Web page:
Archive for November, 2013

24th November
written by Mad Cow

Rated: R for violence/cruelty, some nudity and brief sexuality

Mad Cow Rating:

This film may represent a breakthrough in movies about the horror of slavery in America. Based on the book of the same title, it tells the story entirely from the points of view of the black people. Most movies about slavery (the rather silly Gone with the Wind notwithstanding) focus mainly on struggles between the good anti-slavery whites and the bad slave-holding whites and assume one global point of view among the slaves. The movie gives us slave voices, not all the same and not all in agreement. We’ve come a long way since Amistad, in which Spielberg denied a voice to the main black character. Moreover, no one in this movie says “Massa.” What a relief.

Directed by Steve McQueen (Shame) and written by John Ridley and McQueen, the movie is based on the book by the same name by Solomon Northup. In 1841, Northrup, a free black man, accomplished carpenter and violinist and resident of Saratoga, New York, was kidnapped and sold into slavery. He remained enslaved for 12 years before he was able to find a way out. No whites choose to believe that he is a free man, so eventually he stops saying so until one day he sees a way out. This is Northup’s story, portrayed magnificently by Chiwetel Ejiofor (American Gangster, Dirty Pretty Things).

McQueen does not cut corners in showing the brutality of slavery and at times one wonders if he shows too much. Yet our witness to this inhumanity is important to wiping away any notion of meaningful kindness or fairness in the system. Likewise, the opportunities for random and “extra” sadism in the institution abounded. In an interview on PBS, Ridley discussed the importance of definitively showing slavery as an institution. In such a system, there may have been kindness here and there but the limitations were stark. In the film we see several instances of the equivalent of “yes, but I paid for you and have to get my money’s worth,” and “forget about your children” not to mention multiple micro-indignities. Slaves and owners were never “family” in any sense. With his book and on speaking tours, Northup strengthened the abolitionist movement.

Spoiler in this paragraph: Northup struggles to keep up his morale and help others. He gets respect from some whites only to be beaten down by others. At first he encounters an owner, William Ford (Benedict Cumberbatch – TV’s Sherlock) who appreciates his abilities, but eventually sells him to sadist Edwin Epps. We share Northrup’s disappointment that Ford doesn’t do better by him.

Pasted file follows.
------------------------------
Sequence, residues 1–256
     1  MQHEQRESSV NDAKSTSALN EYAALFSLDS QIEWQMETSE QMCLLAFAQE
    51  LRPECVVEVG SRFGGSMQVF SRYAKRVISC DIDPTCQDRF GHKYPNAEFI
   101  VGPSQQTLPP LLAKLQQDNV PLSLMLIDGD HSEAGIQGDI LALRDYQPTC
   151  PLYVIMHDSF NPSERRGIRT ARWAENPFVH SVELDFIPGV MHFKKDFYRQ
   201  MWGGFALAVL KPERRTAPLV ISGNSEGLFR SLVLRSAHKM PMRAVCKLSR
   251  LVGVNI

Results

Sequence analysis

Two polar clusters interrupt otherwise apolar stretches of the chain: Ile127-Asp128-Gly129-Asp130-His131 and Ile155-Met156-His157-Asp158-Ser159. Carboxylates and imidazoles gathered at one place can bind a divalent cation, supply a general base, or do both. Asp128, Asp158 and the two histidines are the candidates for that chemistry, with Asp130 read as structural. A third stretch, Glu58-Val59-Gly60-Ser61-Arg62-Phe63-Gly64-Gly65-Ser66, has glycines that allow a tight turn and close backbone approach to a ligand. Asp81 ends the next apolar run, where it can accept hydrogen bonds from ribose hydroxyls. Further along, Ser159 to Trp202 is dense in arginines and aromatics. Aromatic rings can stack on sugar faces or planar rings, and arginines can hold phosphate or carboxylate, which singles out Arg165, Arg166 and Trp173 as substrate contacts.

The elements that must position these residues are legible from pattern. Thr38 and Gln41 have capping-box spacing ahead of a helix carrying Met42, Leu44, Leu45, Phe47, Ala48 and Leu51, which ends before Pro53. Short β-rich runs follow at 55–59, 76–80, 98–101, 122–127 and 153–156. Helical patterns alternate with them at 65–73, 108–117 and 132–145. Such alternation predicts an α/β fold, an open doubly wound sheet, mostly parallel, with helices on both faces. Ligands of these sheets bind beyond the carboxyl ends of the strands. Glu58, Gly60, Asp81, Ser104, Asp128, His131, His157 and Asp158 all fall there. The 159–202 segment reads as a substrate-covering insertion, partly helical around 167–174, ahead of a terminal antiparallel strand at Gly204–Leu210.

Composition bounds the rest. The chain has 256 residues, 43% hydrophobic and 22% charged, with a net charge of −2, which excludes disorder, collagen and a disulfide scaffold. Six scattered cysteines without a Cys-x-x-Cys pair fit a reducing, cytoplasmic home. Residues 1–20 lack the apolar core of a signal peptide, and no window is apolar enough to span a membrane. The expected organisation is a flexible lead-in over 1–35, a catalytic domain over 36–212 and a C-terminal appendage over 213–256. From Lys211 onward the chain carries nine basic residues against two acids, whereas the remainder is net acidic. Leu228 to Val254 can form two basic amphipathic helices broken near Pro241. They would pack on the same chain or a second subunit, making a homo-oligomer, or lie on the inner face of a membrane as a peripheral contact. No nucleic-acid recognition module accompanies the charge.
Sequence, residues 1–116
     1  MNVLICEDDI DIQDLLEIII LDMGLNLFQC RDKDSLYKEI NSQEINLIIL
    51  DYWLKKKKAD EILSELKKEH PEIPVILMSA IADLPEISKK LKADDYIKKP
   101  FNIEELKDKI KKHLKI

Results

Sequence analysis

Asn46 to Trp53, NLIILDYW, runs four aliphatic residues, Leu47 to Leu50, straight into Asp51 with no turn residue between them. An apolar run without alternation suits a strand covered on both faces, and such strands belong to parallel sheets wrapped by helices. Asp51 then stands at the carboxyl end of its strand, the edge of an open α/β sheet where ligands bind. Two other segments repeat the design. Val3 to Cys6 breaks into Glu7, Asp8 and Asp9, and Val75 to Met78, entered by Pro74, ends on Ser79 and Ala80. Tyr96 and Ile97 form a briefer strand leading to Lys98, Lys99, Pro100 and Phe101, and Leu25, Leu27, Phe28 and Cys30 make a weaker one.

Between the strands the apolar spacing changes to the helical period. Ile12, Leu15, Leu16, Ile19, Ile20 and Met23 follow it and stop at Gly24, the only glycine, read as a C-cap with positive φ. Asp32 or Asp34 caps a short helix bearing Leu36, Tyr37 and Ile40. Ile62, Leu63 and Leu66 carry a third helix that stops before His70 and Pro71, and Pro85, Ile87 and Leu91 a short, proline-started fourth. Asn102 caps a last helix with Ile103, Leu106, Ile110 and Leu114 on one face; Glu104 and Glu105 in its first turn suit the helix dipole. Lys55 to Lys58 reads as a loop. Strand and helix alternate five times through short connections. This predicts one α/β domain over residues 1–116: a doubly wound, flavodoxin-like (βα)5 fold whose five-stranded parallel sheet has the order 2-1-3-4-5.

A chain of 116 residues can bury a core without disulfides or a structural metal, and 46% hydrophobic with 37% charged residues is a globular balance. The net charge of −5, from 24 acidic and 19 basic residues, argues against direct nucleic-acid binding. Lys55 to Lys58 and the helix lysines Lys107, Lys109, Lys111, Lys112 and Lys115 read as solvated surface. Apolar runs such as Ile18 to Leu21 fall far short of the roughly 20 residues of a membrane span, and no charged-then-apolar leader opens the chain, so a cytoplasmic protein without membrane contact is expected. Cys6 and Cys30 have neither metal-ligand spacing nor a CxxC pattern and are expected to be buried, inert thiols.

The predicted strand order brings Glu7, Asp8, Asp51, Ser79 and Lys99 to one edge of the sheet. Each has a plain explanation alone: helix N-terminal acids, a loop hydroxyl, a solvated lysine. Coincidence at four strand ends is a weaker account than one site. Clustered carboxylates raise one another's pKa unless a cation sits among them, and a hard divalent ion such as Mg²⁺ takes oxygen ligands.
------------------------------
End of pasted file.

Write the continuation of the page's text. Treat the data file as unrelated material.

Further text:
Among the slaves, there is a constant debate about how to bear up. They argue hope versus despair. To stay alive, they must kiss up to the masters, but is it worth it? Ejiofor’s expressive face as well as his words show us how he learns the system and struggles with the urge to give up. What is sanity, after all, and how does one keep ahold of it? I was reminded of movies about the treatment of Jews in the camps in Nazi Germany. Will the U.S. ever acknowledge the similarities?

Michael Fassbender (Shame, The Counselor, Inglourious Basterds) as owner Edwin Epps and Sarah Paulson (American Horror Story) as his wife deliver nuanced performances. Epps is brutal and paranoid in his cruelty as well as delusional in his quasi-religious view of the world. His obvious attraction to slave Patsey (Lupita Nyong’o) leads his wife to be cruel to her, but he himself, through rape, beatings and deprivation, is also cruel to her. (Shame on other reviewers who refer to his “affair” with Patsey. Rape is not an affair.) Kendra James’ review in Racialicious reminds us that Epps was a real person and that the phrase “don’t be an Epps” continues to this day in the south.

Nyong’o’s performance as Patsey is brilliant. Patsey has been pushed to her limits and her suffering is palpable. Although Nyong’o has appeared on the stage and on TV, this was her film debut. She is amazing. We are also treated to brief but vivid scenes featuring Paul Giamatti and Alfie Woodard. Brad Pitt, one of the film’s producers, plays a pivotal “good guy” and it’s exquisitely wonderful that his screen time is brief and he is not portrayed as a hero.

The cinematography consistently interrupts the narrative with idyllic views of the trees and the sky and sometimes the houses and gazebos. At first this is disconcerting. Over time, the juxtaposition of the beauty of the surroundings and the ubiquity of the inhumanity adds something to think about. On the one hand, we see that cruelty happens everywhere. On the other, maybe we can see hope in the air, something that kept some people going.

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